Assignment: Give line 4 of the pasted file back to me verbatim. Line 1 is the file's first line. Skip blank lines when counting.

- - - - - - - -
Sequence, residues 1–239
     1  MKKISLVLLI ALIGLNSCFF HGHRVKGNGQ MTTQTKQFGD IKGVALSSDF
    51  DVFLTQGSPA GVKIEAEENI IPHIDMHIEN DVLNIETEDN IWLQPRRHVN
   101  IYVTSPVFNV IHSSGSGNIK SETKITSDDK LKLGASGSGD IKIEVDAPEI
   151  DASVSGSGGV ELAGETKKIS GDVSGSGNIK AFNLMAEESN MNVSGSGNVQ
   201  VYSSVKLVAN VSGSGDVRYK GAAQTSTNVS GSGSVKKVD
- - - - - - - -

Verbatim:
   101  IYVTSPVFNV IHSSGSGNIK SETKITSDDK LKLGASGSGD IKIEVDAPEI